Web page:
Rare relics put on show for first time at Tehran museum after five-year closure

March 1, 2021 - 21:30

TEHRAN – Collections of rare relics have been put on show for the first time at Tehran’s Dafineh Museum, which opened to the public on Sunday after some five-year closure due to an extensive restoration.

The museum is owned by the Mostazafan Foundation of Islamic Revolution, which is one of the largest commercial enterprises in the country.

The opening ceremony was attended by Parviz Fattah who presides over the foundation, and a host of cultural officials, artists, cultural aficionados, researchers and journalists.

Achaemenid-era (c.550-330 BC) scepter made of gold, busts and figurines, oil paintings, Seljuk-era earthenware, personal ornamentations, calligraphic works, banknotes, ancient coins, and rare rugs are amongst objects on display at the museum.

Last year, Iranian architect Seyyed Mohammad-Hossein Rahmati was honored at the 35th edition of the WA Awards, which is organized by the World Architecture Community, for the design of the lobby of Dafineh Museum.

The building’s architecture was inspired by the works of late American architect Frank Lloyd Wright. The building’s architecture was inspired by the works of late American architect Frank Lloyd Wright.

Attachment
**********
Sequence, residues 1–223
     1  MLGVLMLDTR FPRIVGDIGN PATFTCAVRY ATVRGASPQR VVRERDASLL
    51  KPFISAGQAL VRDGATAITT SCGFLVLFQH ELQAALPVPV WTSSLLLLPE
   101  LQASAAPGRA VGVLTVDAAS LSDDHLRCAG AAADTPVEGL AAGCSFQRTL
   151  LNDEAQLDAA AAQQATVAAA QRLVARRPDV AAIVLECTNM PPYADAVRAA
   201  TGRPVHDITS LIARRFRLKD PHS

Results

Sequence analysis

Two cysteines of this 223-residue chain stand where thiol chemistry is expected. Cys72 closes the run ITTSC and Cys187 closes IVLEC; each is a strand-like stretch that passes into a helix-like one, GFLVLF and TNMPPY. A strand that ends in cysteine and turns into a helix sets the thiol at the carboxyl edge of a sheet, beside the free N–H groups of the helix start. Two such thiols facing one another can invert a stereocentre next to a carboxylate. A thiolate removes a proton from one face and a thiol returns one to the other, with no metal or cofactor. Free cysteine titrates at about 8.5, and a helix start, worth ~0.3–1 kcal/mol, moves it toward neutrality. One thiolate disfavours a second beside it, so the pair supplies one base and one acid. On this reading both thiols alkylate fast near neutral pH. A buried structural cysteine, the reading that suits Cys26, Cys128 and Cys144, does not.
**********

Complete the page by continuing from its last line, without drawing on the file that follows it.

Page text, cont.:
Also, the doors of Kakh-e Marmar (“Marble Palace”), a historical royal residence in Tehran, opened to the public on Sunday as an art museum after more than four decades. The palace served as a museum for a year before the victory of the 1979 Islamic Revolution. Now, it is turned into a venue for showcasing Persian arts and cultural heritage handcrafted from the first millennium BC onwards.

Iran embraces hundreds of historical sites such as bazaars, museums, mosques, bridges, bathhouses, madrasas, mausoleums, churches, towers, and mansions, of which 22 being inscribed on the UNESCO World Heritage list. Under the 2025 Tourism Vision Plan, the country aims to increase the number of tourist arrivals from 4.8 million in 2014 to 20 million in 2025.

AFM/

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